Ventricular Tachycardia (VT) Ablation or Escalated Drug Therapy
Ventricular Tachycardia Ablation or Escalated aNtiarrhythmic Drugs in ISchemic Heart Disease
  • Phase

    Phase 4
  • Study Type

  • Status

    Completed No Results Posted
  • Intervention/Treatment

    mexiletine amiodarone ...
  • Study Participants

This study will compare aggressive antiarrhythmic therapy to catheter ablation for ventricular tachycardia in patients who have suffered prior myocardial infarction. The purpose of this study is to evaluate the optimal management of patients presenting with recurrent VT and receiving ICD therapy in spite of first-line antiarrhythmic drug therapy. The hypothesis is catheter ablation is superior to aggressive antiarrhythmic drug therapy for recurrent VT.
This is a multicentre, parallel group, two arm, unblinded, randomized clinical trial to compare two management strategies for patients with ischemic heart disease and recurrent ICD therapy despite at least one antiarrhythmic drug. The primary endpoint will be a composite of appropriate ICD shocks or death.
Study Started
May 31
Primary Completion
Dec 31
Study Completion
Dec 31
Last Update
Jul 11

Procedure Catheter Ablation

Intracardiac electrode catheters are placed via central vasculature to identify myocardial scar, and surviving conduction channels within the scar which form the substrate for ventricular tachycardia. Radiofrequency energy is applied to these sites, interrupting the VT circuits.

  • Other names: VT Ablation

Drug Escalated Antiarrhythmic Therapy

Patients who have 'failed' antiarrhythmic therapy (except amiodarone) will be prescribed: Amiodarone 400 mg twice daily for 2 weeks, followed by 400 mg/day for 4 weeks, followed by 200 mg/day thereafter. Patients who 'failed' amiodarone (less than 300mg/day) will be prescribed: Amiodarone 400 mg three times a day for 2 weeks, followed by 400 mg/day for 1 week and 300 mg/day thereafter. Patients who 'failed' amiodarone (greater or equal to 300mg/day) will be prescribed: Amiodarone at the current dose with the addition of mexiletine 400 to 800 mg/day

  • Other names: Cordarone, Mexetil

Ventricular Tachycardia Ablation Active Comparator

Catheter ablation for Ventricular tachycardia will be performed within 14 days of randomization.

Escalated Antiarrhythmic Drug Therapy Active Comparator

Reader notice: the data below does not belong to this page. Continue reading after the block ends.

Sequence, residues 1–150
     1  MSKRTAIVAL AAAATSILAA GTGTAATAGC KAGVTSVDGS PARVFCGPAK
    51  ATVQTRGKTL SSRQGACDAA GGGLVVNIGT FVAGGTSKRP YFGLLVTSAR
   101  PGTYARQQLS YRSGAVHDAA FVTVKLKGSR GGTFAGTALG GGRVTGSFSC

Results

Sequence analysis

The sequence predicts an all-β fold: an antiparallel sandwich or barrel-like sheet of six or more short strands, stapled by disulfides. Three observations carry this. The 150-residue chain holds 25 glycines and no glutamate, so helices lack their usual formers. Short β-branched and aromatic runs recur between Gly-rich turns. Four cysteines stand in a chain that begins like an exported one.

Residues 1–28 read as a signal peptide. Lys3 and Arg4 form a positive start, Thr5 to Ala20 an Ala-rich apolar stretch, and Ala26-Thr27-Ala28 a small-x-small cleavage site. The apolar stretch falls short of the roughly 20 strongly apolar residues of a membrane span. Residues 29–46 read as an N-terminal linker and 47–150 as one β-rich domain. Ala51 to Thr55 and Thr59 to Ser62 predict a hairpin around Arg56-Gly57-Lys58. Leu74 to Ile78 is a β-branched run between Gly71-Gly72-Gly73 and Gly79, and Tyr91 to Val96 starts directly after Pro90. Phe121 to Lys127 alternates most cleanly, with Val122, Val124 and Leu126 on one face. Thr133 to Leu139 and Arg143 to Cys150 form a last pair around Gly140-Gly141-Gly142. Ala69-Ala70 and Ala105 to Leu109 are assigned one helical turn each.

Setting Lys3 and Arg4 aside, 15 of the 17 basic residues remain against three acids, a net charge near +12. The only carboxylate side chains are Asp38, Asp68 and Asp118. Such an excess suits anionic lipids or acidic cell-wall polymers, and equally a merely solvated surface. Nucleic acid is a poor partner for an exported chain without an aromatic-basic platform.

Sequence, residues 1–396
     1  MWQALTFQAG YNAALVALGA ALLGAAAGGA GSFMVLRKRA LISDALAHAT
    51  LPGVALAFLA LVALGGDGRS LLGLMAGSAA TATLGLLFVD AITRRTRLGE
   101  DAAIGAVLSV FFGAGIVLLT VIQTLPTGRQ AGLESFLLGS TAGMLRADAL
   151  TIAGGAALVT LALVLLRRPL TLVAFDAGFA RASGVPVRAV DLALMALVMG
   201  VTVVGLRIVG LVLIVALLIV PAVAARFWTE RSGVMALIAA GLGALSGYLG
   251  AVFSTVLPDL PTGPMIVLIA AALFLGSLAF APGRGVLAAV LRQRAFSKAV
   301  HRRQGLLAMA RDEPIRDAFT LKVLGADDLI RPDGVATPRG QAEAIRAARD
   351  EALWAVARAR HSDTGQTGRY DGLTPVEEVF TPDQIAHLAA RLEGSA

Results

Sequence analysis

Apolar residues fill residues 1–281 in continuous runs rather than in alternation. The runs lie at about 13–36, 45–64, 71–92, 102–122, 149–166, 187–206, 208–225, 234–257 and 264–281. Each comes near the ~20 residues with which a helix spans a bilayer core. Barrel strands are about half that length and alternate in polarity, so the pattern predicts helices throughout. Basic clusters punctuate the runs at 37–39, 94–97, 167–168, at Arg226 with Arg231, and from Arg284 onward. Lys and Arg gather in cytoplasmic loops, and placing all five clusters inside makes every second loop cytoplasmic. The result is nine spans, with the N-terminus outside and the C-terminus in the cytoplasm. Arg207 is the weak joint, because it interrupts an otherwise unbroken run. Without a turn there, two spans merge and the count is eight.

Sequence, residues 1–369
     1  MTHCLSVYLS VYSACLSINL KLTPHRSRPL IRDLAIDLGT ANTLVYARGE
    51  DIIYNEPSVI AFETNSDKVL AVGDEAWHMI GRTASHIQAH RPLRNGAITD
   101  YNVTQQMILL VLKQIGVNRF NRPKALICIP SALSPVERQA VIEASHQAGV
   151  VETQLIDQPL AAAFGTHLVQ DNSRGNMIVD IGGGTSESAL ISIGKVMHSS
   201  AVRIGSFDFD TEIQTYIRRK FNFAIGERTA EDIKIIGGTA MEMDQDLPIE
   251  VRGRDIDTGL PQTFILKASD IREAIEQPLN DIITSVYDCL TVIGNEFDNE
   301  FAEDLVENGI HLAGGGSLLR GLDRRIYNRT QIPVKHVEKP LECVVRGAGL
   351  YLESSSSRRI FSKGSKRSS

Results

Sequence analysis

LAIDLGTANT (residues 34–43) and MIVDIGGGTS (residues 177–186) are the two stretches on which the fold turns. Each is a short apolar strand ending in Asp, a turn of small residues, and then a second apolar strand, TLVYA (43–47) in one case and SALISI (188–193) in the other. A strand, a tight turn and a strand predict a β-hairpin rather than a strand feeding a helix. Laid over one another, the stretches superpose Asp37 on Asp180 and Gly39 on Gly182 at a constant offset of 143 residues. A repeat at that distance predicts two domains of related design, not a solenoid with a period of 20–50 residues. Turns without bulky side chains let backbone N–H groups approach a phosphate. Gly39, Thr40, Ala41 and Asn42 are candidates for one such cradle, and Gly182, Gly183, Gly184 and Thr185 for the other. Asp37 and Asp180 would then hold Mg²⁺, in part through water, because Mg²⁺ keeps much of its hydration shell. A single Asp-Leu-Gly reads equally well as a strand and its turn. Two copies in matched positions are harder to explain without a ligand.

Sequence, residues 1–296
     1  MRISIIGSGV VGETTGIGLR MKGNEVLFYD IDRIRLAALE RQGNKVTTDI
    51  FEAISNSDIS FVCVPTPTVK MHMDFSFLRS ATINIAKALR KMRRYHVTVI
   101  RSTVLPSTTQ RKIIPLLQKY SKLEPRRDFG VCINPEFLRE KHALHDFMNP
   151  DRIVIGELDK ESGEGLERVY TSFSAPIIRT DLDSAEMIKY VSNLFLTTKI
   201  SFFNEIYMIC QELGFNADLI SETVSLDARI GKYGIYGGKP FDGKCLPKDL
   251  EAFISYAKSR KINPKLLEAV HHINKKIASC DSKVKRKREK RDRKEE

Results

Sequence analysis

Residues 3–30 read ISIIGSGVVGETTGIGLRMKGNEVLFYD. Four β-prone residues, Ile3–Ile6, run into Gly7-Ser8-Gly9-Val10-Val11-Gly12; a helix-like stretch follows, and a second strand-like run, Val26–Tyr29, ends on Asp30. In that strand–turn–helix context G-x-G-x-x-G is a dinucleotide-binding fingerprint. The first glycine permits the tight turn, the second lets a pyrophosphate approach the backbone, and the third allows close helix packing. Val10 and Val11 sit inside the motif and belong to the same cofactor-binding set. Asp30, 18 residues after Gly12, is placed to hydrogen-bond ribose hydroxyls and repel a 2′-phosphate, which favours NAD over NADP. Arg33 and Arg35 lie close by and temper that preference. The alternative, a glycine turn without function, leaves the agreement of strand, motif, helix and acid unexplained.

Patients are prescribed a loading dose of amiodarone or the addition of mexiletine to their current anti-arrhythmic medication which is stratified by the dose and type of antiarrhymic medication at the time of the index arrhythmic event.


Inclusion Criteria:

Prior Myocardial Infarction
An implantable defibrillator

One of the following VT events (within the past 3 months):

greater than or equal to 3 episodes of symptomatic VT treated with ATP
greater than or equal to 1 appropriate ICD shock
greater than or equal to 3 VT episodes within 24 hours
sustained VT below detection rate of the ICD documented by ECG

"Failed" first-line antiarrhythmic drug therapy as defined by one of:

Appropriate ICD therapy or sustained VT occurred while patient was taking amiodarone (stable dose >/= 2 weeks)
Appropriate ICD therapy or sustained VT occurred on another antiarrhythmic drug (stable dose >/= 2 weeks)

Exclusion Criteria:

Active ischemia (acute thrombus, dynamic ST elevation on ECG) or another reversible cause of VT (eg. electrolyte abnormalities, drug induced arrhythmia)
Are known to be ineligible to take amiodarone (eg. active hepatitis, current hyperthyroidism, pulmonary fibrosis, known allergy)
Are ineligible for ablation (left ventricular thrombus, implanted mechanical aortic and mitral valves)
Renal Failure (creatinine clearance < 15 ml/min)
Current NYHA functional class IV heart failure or CCS Functional Class IV angina
Recent ST elevation myocardial infarction (< 1 month)
Recent coronary bypass surgery (< 3 mon) or recent PCI (< 1 mon)
prior ablation for ventricular tachycardia
A systemic illness likely to limit survival to < 1 year
Unable or unwilling to provide informed consent
No Results Posted